Amidst the growing pains of a revolution that will hopefully one lead to democracy, a scar from the past reared its ugly head in Egypt when a clash between Coptic Christians and Muslims in Cairo led to the death of one Copt.

The dead person was identified as Mina Fares Hanna and the killing occurred in the poor working-class district of Moqattam. Reportedly, a fight erupted when dozens of Muslims showed up in Moqattam, which was inhabited by Copts who work as garbage collectors and who had blocked a main north-south highway in the capital.

Both sides of the conflict threw rocks at each other and witnesses said soldiers fired shots into the air to disperse the crowds. Few other details were available.

Elsewhere in Cairo, at least 1,000 Copts protested the burning of one of the churches last week. They demanded the church be rebuilt and those responsible for the arson be brought to justice.

The Shahedain [Two Martyrs] church, which was located in the Helwan provincial city of Sol, was set ablaze on Friday after clashes between Coptic Christians and Muslims left two people dead.
That conflict was reportedly over a doomed romance between a Christian man and a Muslim woman in Sol.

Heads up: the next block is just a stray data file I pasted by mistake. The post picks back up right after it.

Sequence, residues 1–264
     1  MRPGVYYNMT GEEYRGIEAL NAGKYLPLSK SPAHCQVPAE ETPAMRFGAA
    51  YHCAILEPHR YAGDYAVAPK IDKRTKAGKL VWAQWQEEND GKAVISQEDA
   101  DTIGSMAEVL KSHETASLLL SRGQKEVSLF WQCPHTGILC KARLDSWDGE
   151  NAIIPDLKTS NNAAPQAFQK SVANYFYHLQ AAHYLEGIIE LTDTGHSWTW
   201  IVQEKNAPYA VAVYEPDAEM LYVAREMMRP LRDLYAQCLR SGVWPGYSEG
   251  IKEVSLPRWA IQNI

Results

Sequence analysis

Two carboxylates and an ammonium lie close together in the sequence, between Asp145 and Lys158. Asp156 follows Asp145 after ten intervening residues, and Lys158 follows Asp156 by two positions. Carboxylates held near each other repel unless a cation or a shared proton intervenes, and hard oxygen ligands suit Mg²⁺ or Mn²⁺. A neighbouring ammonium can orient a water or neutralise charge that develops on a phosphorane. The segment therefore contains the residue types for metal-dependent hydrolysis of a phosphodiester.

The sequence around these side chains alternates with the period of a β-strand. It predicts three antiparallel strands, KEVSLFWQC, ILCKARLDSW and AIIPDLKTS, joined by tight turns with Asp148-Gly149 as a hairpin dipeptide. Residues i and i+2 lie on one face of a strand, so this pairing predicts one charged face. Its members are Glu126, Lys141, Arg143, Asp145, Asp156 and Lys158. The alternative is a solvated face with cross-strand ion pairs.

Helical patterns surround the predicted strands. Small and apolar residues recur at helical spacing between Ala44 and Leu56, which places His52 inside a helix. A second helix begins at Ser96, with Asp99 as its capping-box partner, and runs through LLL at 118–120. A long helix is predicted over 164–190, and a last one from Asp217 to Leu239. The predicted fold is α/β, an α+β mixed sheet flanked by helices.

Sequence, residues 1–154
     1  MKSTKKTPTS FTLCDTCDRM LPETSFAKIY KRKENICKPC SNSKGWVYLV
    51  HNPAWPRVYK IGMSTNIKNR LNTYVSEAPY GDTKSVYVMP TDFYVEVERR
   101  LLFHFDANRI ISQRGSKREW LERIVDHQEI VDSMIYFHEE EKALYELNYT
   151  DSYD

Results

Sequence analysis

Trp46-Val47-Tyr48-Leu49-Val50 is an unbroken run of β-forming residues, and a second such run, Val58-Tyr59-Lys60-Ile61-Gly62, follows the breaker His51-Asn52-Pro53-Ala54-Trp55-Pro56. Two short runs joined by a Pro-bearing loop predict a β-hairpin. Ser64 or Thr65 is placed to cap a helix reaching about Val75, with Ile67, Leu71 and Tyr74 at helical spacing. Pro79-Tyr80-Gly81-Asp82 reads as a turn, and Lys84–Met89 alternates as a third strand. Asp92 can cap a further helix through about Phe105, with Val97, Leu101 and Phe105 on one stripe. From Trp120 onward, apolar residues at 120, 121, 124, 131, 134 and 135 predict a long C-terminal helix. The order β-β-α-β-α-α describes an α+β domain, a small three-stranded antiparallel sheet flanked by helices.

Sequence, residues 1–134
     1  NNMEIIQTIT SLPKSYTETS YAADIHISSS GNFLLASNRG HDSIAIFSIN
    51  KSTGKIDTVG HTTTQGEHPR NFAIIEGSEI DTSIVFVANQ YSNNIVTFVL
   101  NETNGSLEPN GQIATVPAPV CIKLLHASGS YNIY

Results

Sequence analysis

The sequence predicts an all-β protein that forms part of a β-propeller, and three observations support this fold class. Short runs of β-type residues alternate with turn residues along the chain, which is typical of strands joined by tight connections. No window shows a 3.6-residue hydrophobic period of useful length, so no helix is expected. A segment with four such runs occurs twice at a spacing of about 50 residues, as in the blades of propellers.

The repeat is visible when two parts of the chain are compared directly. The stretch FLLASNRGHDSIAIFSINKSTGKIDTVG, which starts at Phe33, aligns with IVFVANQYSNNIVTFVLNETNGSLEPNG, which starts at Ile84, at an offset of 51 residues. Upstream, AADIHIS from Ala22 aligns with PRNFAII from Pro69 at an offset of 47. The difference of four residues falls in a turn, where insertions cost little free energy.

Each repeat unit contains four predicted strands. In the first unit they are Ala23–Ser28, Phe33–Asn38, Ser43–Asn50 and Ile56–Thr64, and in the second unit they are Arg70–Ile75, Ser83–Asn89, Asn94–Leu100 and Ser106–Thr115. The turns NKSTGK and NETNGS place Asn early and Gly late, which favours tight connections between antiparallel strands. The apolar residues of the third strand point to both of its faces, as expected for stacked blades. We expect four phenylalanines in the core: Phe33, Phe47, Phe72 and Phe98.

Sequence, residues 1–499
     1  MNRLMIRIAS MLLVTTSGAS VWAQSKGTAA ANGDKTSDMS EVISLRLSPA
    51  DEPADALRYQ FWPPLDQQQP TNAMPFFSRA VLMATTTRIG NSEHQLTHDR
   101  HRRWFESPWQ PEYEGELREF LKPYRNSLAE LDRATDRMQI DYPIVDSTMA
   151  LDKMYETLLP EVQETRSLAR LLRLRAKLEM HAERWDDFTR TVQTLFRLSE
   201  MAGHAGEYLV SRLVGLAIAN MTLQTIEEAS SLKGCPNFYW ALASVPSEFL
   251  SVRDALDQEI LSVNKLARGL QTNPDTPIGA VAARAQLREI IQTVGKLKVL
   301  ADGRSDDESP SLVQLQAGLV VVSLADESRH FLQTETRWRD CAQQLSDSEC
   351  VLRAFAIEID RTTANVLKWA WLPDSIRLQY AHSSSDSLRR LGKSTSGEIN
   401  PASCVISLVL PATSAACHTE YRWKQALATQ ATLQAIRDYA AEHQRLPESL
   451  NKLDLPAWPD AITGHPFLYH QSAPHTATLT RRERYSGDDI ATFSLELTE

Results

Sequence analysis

Problems escalated in the village when a group of Muslims headed to the burned out church and conducted a mass Islamic prayer there, a Christian resident of Sol told Egyptian state television.

Fighting and hostility between Muslims and the Coptic minority appear to be intensifying.

In January of this year, Mohamed Ahmed Hussein was sentenced to death after being convicted of the pre-meditated murders of killing six Coptic Christians and a Muslim policeman. Hussein shot the group outside a midnight Mass for Coptic Christmas in Naga Hamady, southern Egypt. The attack was reportedly a form a revenge for the alleged rape of a 12-year-old Muslim girl by a Christian man.

Two weeks prior to that mass murder, a suicide bomber killed 23 people at a Coptic church in Alexandria.

No one has yet claimed responsibility for the attack.

Coptic Christians, who represent about 10 percent of Egypt's 80 million strong population, have long complained about systematic discrimination and being the target of sectarian violence.